Ok. We have languages and a way to manage which one we're using. Now we need an interface to do that.

Go to Structure > Blocks.

Enable the "Language switcher (user interface)" block. Put it somewhere you can get at easily so we can do some testing with it. If you need to change the text name for the language that appears in this block, you can go back to the Config > Languages page and update the title there.

At this point you've configured Drupal to do multiple languages, negotiate between them, and you have an interface to do that as a user. Additionally, Drupal translated itself by fetching all the strings from drupal.org for each module you have installed. As you add more modules, l10n_update will continue to pull down new updates to the text. So to your translators, Drupal will provide service in all the languages that you support. Handy.

Translating Content with Entity Translation

Enabling Entity Translation

Go to Structure > Content Types > Edit the type you want

Publication options: Enabled, with field translation.

Then go to Structure > Content Types > Manage fields for the type you enabled above

Edit the body field, scroll to the bottom, and check the box to enable translation. Repeat this step for every field that you wish to translate. Leave it unchecked if you wish to have the content synchronize all versions.

For the title field, get the title module. Enable it, then go to Structure > Content Types > Manage fields

Then choose the "replace" option for the title field. This will create a new field_title that behaves the same way as the traditional field, but with multilingual features. Edit this field. Remove the description text. Save.

Revisioning

Entity now fully supports revisions. Each update to a translation creates a new revision to the host node.

Rollbacks of versions are not separated by language, so if you must roll back, do it before someone adds new content in a different language. Rolling back will affect all languages that have been updated between the revisions.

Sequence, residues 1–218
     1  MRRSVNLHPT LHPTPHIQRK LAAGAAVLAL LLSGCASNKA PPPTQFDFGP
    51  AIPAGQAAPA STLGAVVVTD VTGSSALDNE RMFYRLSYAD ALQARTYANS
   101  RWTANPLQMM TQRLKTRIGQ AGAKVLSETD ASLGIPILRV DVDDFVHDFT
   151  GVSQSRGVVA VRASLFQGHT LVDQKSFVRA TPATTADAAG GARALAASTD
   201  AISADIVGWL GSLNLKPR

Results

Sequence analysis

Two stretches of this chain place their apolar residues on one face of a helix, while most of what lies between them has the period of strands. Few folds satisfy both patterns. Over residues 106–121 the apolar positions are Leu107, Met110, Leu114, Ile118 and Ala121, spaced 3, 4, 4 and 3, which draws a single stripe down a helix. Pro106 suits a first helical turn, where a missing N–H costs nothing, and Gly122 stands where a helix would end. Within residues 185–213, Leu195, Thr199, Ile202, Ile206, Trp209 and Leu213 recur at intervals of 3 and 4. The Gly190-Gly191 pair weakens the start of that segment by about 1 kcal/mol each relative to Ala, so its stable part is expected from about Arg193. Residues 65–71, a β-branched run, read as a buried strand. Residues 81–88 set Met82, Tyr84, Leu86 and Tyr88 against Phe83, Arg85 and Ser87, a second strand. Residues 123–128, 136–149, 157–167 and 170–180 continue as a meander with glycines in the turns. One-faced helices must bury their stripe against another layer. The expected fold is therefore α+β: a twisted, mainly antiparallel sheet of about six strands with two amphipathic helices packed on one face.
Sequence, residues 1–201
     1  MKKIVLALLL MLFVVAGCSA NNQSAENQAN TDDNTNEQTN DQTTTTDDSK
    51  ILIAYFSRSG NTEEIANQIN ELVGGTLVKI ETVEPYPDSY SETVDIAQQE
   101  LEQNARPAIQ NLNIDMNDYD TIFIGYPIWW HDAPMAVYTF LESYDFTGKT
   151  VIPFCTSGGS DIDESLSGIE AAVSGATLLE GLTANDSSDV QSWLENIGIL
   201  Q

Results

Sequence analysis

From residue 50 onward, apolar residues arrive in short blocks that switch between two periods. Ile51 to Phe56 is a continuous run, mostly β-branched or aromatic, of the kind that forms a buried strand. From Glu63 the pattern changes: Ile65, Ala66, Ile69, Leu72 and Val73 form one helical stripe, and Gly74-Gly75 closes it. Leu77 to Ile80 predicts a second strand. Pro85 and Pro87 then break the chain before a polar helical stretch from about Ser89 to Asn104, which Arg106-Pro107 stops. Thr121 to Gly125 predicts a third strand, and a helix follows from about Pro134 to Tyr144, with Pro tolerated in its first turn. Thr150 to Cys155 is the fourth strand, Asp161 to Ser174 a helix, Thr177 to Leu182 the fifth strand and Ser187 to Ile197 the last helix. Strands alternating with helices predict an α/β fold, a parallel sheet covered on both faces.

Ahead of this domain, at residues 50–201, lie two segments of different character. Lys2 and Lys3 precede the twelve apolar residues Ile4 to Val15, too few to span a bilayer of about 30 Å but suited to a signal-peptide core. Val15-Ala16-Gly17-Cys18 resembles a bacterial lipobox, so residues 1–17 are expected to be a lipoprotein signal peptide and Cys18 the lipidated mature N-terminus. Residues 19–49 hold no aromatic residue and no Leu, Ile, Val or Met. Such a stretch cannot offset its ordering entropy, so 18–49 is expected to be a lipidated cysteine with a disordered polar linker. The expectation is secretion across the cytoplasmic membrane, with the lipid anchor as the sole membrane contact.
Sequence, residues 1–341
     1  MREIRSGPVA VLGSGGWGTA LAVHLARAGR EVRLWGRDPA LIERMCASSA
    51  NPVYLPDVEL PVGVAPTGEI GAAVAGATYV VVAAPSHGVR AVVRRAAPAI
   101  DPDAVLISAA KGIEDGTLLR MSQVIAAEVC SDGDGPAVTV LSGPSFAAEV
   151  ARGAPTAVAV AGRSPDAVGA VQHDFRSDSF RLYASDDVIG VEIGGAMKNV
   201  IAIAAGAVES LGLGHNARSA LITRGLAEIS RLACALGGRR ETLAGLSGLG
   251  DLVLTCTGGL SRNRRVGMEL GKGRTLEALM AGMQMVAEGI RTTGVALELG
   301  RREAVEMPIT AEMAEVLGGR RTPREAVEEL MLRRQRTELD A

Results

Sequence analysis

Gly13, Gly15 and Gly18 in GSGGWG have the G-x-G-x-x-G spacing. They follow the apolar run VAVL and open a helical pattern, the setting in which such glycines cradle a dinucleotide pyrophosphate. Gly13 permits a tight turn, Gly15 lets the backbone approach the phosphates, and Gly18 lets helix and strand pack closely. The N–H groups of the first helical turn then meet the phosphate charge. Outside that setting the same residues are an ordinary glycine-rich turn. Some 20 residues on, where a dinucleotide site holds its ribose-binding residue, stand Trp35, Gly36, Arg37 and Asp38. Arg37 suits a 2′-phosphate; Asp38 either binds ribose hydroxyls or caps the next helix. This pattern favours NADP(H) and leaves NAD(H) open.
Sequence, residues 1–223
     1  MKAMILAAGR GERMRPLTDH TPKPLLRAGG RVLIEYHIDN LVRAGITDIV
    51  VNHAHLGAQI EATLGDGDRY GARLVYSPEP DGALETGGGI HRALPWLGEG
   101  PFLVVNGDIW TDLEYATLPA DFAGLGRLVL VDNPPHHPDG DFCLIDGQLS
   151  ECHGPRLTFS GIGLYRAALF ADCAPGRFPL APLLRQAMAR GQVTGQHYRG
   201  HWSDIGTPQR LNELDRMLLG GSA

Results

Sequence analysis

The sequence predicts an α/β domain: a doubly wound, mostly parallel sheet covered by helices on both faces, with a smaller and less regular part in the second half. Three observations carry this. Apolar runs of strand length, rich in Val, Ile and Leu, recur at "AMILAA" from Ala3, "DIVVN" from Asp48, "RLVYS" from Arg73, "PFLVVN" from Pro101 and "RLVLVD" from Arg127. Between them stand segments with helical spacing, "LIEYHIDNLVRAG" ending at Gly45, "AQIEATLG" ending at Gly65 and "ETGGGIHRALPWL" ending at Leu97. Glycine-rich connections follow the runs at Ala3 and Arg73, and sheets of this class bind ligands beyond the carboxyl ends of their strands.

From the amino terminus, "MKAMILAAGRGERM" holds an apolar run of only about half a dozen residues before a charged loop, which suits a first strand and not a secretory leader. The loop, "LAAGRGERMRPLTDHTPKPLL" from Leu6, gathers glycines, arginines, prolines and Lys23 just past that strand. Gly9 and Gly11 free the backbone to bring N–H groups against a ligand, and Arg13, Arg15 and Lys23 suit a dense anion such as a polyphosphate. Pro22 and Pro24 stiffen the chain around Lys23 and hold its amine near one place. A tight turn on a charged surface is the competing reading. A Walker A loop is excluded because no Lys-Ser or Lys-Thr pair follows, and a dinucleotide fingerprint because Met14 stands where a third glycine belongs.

Making Menus Entity Translatable

Entities can now have translatable menus. You can structure your entity-based menus two different ways. The entity_translation_menus module takes care of setting up a different menu entry for each version of a page. That is awesome. How you structure the menus are therefor up to you.

You can:

  • Create one menu that has all the language versions grouped together, or...
  • Create a copy of the menu for each version of the language, and allow editors to put the entry in any of those trees when they select where it goes

With the first strategy, if you go to Structure > Menus > Main Menu > List links you will see all the pages at once, but only on this page and when the editor puts something into the site (if you have big menus this could quickly become a big jumbly multi-language mess).

The second method means that when the user selects where they want to put the content into the menu, they must first find the right language menu and put it within the same language part of the site. In other words, the drop-down menu that lets you pick where the menu entry will be, is grouped by language.

This one is a workflow/editorial question I would consider depending on the size of the site and how many languages are being supported. In any case, the decision doesn't matter because you have only one option to configure:

Structure > Menu > Edit menu > Translate and localize (even if you are using it as fixed language)

Then, when you edit... remember to check off "Menu link enabled only for the English language" when you do the original version of the post. It would be really nice if that was set to be the default somehow, but I have not found any settings for this yet.